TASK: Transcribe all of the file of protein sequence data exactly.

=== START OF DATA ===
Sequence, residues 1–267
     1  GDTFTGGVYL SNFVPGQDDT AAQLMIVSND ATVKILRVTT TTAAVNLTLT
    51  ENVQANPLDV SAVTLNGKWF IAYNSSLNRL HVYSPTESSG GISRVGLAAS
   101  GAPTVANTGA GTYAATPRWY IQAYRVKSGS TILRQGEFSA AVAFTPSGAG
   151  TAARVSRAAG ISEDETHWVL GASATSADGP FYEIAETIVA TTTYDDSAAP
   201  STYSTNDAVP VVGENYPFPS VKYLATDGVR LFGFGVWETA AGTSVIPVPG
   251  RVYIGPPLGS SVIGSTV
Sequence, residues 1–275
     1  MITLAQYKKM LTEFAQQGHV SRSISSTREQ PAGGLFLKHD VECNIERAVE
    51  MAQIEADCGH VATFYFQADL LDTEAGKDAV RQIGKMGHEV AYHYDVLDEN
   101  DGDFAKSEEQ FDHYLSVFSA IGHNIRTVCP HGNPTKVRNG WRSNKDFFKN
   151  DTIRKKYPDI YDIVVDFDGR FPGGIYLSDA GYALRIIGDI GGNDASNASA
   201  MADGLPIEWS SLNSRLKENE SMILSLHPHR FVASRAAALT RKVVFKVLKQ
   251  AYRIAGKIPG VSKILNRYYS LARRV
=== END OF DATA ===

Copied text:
Sequence, residues 1–267
     1  GDTFTGGVYL SNFVPGQDDT AAQLMIVSND ATVKILRVTT TTAAVNLTLT
    51  ENVQANPLDV SAVTLNGKWF IAYNSSLNRL HVYSPTESSG GISRVGLAAS
   101  GAPTVANTGA GTYAATPRWY IQAYRVKSGS TILRQGEFSA AVAFTPSGAG
   151  TAARVSRAAG ISEDETHWVL GASATSADGP FYEIAETIVA TTTYDDSAAP
   201  STYSTNDAVP VVGENYPFPS VKYLATDGVR LFGFGVWETA AGTSVIPVPG
   251  RVYIGPPLGS SVIGSTV
Sequence, residues 1–275
     1  MITLAQYKKM LTEFAQQGHV SRSISSTREQ PAGGLFLKHD VECNIERAVE
    51  MAQIEADCGH VATFYFQADL LDTEAGKDAV RQIGKMGHEV AYHYDVLDEN
   101  DGDFAKSEEQ FDHYLSVFSA IGHNIRTVCP HGNPTKVRNG WRSNKDFFKN
   151  DTIRKKYPDI YDIVVDFDGR FPGGIYLSDA GYALRIIGDI GGNDASNASA
   201  MADGLPIEWS SLNSRLKENE SMILSLHPHR FVASRAAALT RKVVFKVLKQ
   251  AYRIAGKIPG VSKILNRYYS LARRV